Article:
February 19/26, 2018: Volume 33, Issue 18
By Jason Goldberg
(Second of two parts)
In part I of this article (FCNews, Feb. 5/12), I provided an overview of what constitutes a good lead management system. In this second installment, I will delve into specifics and talk about the advantages such programs offer retailers.
Accountability. Managers can now hold their salespeople accountable for tracking their assigned leads. They can calculate their RSAs’ close rates. Furthermore, they can see if a lead has been neglected and for how long. And they can see how or why a lead was mishandled and potentially save a lead that is about to be lost. More importantly, they can use all this information to train their salespeople and correct negative behaviors.
Accessibility. A cloud-based lead management system lets dealers access a lead’s information from a desktop computer, tablet or smartphone. Being able to get valuable information about a lead while on the road or in the lead’s home can help RSAs close jobs more quickly and confidently.
Data to inform business decisions. Good lead management systems allow owners and their marketing teams to see which stores get the most traffic, which advertising mediums drive the most leads and which methods of contact (phone, email, website forms, etc.) are the most popular among customers. Users may choose to adjust their marketing budget, change the marketing mix, update their phone system or website, or even change staffing levels at different store locations, based on the information in the system. In short, retailers no longer have to make guesses about their business. Rather, they can now make informed decisions.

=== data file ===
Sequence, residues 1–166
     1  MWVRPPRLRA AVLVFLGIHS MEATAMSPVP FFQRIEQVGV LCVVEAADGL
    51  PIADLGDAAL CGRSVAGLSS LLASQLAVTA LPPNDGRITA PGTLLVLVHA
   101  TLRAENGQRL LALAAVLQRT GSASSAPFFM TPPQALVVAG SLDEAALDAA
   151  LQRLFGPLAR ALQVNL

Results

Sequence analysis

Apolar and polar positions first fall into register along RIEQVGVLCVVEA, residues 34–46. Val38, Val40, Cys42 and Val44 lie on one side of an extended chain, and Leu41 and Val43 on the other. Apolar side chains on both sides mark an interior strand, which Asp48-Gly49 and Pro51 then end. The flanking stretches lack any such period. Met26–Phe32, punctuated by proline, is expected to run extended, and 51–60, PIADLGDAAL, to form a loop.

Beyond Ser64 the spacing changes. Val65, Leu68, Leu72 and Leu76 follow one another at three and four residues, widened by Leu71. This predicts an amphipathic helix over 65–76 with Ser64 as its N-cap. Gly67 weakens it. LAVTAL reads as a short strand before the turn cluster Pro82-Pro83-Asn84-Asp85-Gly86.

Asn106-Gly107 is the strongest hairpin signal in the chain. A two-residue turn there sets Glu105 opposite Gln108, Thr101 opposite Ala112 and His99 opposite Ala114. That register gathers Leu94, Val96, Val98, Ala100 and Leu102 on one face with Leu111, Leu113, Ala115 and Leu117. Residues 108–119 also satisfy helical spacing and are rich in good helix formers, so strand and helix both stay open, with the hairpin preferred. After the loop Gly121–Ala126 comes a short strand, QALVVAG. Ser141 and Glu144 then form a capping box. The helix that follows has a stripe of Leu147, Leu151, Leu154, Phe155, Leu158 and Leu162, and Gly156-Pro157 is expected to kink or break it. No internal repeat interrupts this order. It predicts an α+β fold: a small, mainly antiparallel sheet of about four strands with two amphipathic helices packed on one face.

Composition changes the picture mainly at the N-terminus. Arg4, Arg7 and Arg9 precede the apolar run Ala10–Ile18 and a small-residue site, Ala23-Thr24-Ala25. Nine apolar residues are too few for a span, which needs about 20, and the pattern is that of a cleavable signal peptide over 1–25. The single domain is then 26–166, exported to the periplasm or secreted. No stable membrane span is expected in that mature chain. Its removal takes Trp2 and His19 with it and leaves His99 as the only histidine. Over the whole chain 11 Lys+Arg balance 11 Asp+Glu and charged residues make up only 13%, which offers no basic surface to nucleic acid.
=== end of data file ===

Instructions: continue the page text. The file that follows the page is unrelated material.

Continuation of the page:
So, how can a retailer determine which lead management system is right for their business? When you’re shopping for lead management systems, dealers should consider the following attributes:
Ease of use. When dealers decide to purchase a new lead management system, they’re most likely going to be the one to train all their managers and salespeople on how to use it. To that end, they need a system that’s simple and straightforward, so they can get themselves and their staff trained quickly. More importantly, owners should want a lead management system that they’ll actually want to use. Remember: Instituting a new lead management system is useless unless everyone adopts it.
Effectiveness. Dealers should take the time to research all options to determine whether they truly work. For instance, ask the lead management system sales rep for the names of customers who have had success with the system, then call those customers and find out why they recommend that tool over others in the market. Learn the strengths and weaknesses of each system, then decide which would be best for the business. Remember: All lead management tools are not created equal.
Cost. Dealers should think about their budget and how much they can actually afford. Retailers should consider how many users are going to need access to it and if the business should be billed monthly or annually for a license. Additional fees to consider are costs for the initial system set-up as well as fees associated with integrating the lead management system with a particular company’s website.
Bottom line: A lead management system is valuable to any flooring retailer, big or small. Whether you’re spending $5,000 or $500,000 on advertising and other lead-generation activities each year, those dollars are going to waste if you do not have a system in place to ensure your leads are being taken care of once they’ve contacted your business.
Jason Goldberg is CEO of Retail Lead Management, a CRM software system designed specifically for the flooring industry. The company has sold more than 1,000 user licenses to flooring retailers in North America.